Amanda Cade

Worth It! (Things to try, read, watch, hear, and discuss)

I’m a big fan of TED talks, and there’s always something new and interesting on my activity feed. I also frequently turn to the TED site for talks to integrate into trainings and presentations, so I get to watch them at work, too. Early this week, I came across this talk, where Matt Cutts spends just three minutes outlining a simple way to make life changes:

The idea gels with what I learned from reading The Power of Habit (one of my favorite reads of 2018), and reminded me that I’ve been meaning to post about new habits for a while. If you’re looking to make some life changes, here are few things that I’ve found helpful:

Choose small habits for big goals

cleaningLet’s be honest: we usually fail at big sweeping changes. Eating one extra serving of vegetables every day, for example, is a lot more attainable than completely eliminating sugar (especially for me, because sugar is life). Decluttering one area of your house every week is much more doable than completely overhauling your space in one manic weekend. I’m not saying those kinds of things can’t happen, but they’re a lot more difficult, and they often aren’t sustainable. I’ve done the top-to-bottom declutter, for example, and I have to admit that it didn’t take long for things to start piling up again.

Instead, break things down into small things that you can make part of your daily or weekly routine, and as each one becomes a habit, you’re consistently working towards your larger goal.

Create reminders and accountability

Don't ForgetWhen I decided I needed to drink more water (because surprisingly, coffee is not a perfect substitute), I put rubber bands on my left wrist every morning. Each time I finished eight ounces, I moved one to my right wrist. The reminder was right in front of me, and I got a little boost of satisfaction every time a band switched sides. I’ve also used checklists and Post It notes (like “Go clean up the kitchen!” on my bathroom mirror, where I’d always see it when I was getting ready for bed).

You can also ask a friend or family member to help you remember, which creates both accountability and support. One of my friends, who is working on a novel, asked me to be part of her support team about a year ago, so every night around six I send her a text asking if she’s done her writing for the day.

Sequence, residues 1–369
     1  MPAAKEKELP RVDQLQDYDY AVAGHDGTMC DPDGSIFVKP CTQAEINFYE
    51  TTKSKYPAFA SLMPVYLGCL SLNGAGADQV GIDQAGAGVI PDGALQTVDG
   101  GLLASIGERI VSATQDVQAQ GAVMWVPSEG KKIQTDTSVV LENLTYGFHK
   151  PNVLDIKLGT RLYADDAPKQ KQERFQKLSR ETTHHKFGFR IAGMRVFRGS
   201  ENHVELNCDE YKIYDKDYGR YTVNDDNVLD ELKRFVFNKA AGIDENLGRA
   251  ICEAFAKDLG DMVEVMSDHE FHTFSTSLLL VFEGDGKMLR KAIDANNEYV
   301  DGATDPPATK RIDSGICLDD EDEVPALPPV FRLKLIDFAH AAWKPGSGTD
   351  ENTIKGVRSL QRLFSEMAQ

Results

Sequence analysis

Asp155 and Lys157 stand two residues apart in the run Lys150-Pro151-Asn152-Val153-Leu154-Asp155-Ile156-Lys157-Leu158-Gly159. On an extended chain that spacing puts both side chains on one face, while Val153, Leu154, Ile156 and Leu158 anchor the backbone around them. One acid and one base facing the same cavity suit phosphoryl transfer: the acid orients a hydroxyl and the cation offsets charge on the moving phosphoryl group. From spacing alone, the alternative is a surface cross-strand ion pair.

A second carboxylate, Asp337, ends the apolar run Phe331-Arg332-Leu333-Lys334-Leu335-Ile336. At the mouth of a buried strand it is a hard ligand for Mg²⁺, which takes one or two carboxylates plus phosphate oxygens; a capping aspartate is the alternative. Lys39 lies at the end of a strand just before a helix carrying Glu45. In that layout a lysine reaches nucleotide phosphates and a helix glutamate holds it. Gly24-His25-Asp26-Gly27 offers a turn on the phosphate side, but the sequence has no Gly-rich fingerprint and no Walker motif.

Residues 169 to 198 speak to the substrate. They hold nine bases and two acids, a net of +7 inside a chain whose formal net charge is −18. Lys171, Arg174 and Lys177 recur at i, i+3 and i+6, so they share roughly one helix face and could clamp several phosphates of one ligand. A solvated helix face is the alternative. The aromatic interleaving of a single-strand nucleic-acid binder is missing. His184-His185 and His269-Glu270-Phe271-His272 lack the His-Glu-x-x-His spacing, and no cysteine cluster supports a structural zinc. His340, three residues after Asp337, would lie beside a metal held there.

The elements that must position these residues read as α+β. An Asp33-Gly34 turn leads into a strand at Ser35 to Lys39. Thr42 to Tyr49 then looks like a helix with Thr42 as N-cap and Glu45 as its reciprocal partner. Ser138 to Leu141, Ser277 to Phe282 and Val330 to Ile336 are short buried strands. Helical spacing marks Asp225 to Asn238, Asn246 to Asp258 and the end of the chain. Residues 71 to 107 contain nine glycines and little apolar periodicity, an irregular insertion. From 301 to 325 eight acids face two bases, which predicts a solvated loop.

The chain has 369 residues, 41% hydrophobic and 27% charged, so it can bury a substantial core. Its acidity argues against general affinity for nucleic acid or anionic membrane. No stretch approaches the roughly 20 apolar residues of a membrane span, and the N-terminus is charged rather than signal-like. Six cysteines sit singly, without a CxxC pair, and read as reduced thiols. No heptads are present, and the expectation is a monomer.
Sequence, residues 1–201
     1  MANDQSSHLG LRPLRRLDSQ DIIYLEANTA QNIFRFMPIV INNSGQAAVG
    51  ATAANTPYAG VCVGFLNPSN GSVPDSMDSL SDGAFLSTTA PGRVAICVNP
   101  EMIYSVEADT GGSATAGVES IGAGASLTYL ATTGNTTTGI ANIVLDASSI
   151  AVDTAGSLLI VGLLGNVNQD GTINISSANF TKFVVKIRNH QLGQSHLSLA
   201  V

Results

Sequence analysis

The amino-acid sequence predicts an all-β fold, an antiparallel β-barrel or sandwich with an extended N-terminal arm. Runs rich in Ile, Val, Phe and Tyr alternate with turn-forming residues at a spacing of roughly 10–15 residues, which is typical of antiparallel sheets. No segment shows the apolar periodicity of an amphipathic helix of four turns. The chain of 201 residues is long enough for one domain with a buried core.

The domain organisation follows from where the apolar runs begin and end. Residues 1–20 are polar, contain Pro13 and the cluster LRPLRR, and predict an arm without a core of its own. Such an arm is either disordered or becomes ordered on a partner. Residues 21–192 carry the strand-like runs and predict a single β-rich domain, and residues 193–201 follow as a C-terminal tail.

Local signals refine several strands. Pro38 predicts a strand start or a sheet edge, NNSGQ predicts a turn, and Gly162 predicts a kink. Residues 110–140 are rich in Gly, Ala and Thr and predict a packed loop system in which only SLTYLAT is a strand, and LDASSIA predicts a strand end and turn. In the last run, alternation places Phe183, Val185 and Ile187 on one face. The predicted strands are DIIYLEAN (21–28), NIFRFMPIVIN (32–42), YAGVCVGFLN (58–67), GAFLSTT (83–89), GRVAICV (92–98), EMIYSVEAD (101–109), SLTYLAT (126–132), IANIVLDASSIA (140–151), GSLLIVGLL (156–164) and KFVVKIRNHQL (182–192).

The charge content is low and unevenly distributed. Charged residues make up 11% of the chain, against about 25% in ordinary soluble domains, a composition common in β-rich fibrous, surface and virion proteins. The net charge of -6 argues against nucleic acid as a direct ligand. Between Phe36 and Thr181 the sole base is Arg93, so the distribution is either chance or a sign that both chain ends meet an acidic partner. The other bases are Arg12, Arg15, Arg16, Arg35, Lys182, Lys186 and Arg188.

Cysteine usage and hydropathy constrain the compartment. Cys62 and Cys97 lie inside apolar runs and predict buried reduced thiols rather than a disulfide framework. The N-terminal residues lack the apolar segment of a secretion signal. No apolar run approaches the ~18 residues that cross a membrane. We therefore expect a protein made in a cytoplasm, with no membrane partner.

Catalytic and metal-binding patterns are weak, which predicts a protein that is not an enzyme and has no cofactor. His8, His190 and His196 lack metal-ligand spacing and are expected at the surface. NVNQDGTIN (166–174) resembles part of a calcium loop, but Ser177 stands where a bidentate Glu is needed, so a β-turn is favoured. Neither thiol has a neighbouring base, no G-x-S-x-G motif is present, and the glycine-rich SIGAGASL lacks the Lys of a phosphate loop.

Reward yourself

I’ve written before about the impact of small rewards on motivation, and it’s worth mentioning again. Charles Duhigg’s book breaks down why habits form and why they linger, and a huge part of the science is based on mental, physical, or emotional boost that comes from the behavior. If you’re using an accountability system (like my rubber bands), you have a small reward built in already.

Screenshot 2020-02-02 at 7.24.28 AM

I’ve also had a lot of success in delaying something I normally do until the habit I’m building is covered. For example, for many years the very first thing I did every morning was drink a cup of coffee. Then I decided not to allow myself to have coffee until I’d had my first eight ounces of water, and now reaching for water first is automatic.

happy cool

How do you make changes in your life? What are you thinking about changing? Let’s talk!

26 thoughts on “Worth Trying: Start a New Habit

  1. Forgiving the heresy about coffee not being a perfect substitute for water, how in the world can you reach for a glass of water before you’ve had your coffee? I’d stumble, skid and crash before my first cup!🤣🤣

    Liked by 3 people

    1. Amanda Cade says:

      It took a lot of discipline at first, and I definitely drink the water really fast so I can get to the coffee. Lol

      Liked by 2 people

  2. The Eclectic Contrarian says:

    I have to create reminders! Either have too much on my plate or my naturally forgetful mind will get me. And coffee is for certain!!

    Liked by 2 people

    1. Amanda Cade says:

      Reminders are great. I sometimes use a daily calendar reminder on my phone when I’m trying to make something stick.

      Liked by 1 person

  3. Katherine says:

    Hey, Amanda!
    I also watch Ted Talks, especially when I am too tired and feel like I have lost all my energy and have no hope left.

    Ted always finds a way of cheering me up, gives me hope and faith that I can do it, moving further and becoming better! 😀

    Liked by 3 people

    1. Amanda Cade says:

      I know! There are so many amazing talks. I wish I had time to watch them all.